Application of the Doppler effect to the measurement of CO. In the practical context, the Doppler effect makes use of a transducer capable of generating and detecting ultrasound waves, emitting an ultrasound beam of known ft at cardiovascular level (outflow tract of the left or right ventricle, descending aorta). The waves partly reflect upon the moving erythrocytes and are again detected at a frequency different from that in which they were emitted (Fig. 4), thus making it possible to calculate Δf. On moreover considering that we know the value of c and that the value of cosΘ are fixed in some devices and can be calculated in others (given the mathematical characteristics of the cosine function, angles of up to 30–40° are considered clinically acceptable) (Fig. 5), the only variable that remains to be determined is v, which can be calculated as follows:

    Figure 4.

    Doppler effect in blood flow.

    Figure 5.

    Mathematical characteristics of the cosine function.


    In this expression, v is the velocity of the moving erythrocytes and therefore the blood flow velocity. Integration (calculation of the area under the curve, AUC) over the length of the entire cardiac cycle (known as velocity–time integration, VTI), allows us to calculate the systolic stroke volume (SV).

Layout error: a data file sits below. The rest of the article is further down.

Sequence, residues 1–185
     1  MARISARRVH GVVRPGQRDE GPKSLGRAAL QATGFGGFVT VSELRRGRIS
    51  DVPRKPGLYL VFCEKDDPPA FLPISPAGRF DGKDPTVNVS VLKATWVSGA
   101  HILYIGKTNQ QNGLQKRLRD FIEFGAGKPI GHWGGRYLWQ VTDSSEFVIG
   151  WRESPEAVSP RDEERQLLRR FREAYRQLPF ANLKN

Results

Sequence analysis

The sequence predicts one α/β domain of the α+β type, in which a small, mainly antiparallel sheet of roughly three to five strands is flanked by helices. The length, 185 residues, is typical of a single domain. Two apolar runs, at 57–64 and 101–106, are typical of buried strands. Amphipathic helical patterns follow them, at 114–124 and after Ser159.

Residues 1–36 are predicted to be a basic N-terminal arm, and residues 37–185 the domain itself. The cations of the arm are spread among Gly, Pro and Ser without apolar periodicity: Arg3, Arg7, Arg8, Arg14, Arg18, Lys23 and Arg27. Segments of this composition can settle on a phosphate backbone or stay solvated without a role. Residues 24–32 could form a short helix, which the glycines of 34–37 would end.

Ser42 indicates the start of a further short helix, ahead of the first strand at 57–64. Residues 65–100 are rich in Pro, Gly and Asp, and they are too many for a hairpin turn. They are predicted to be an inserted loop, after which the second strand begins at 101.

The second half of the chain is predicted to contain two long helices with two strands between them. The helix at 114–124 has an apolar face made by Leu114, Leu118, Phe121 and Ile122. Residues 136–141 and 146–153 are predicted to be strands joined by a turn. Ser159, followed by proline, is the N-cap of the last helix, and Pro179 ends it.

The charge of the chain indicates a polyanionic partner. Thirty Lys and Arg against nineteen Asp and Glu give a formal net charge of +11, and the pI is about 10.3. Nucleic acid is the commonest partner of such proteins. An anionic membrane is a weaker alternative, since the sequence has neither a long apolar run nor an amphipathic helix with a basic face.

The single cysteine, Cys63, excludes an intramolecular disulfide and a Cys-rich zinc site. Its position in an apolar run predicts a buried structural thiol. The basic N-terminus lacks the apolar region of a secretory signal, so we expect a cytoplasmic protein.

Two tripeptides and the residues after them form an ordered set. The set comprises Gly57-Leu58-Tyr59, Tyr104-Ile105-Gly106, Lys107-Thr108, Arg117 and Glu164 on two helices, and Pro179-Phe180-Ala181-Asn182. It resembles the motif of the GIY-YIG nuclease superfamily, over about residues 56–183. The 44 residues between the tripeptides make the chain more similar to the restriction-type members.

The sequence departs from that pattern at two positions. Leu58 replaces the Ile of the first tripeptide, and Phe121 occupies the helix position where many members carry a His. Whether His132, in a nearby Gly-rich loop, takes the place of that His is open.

There are two different methods for applying the Doppler effect to the study of blood flow velocity, and that afford different information.17 With both continuous and pulsed Doppler, mathematical analysis involving integration over time of the maximum velocity spectrum yields a distance (cm) known as the beat distance (BD), which can be interpreted as the length of a blood column passing a given point in the course of a cardiac cycle. Posteriorly, assuming that the point where we calculate the velocity spectrum has a series of concrete geometrical characteristics (usually taken to be circular in the cardiovascular system—aorta, ventricular outflow tracts), we can calculate the corresponding cross-sectional area (AS) either through direct measurement (assuming circular geometry, AS=π×r2) or estimated from population databases (Fig. 6). With all these variables we can then calculate SV and CO with the following formulas: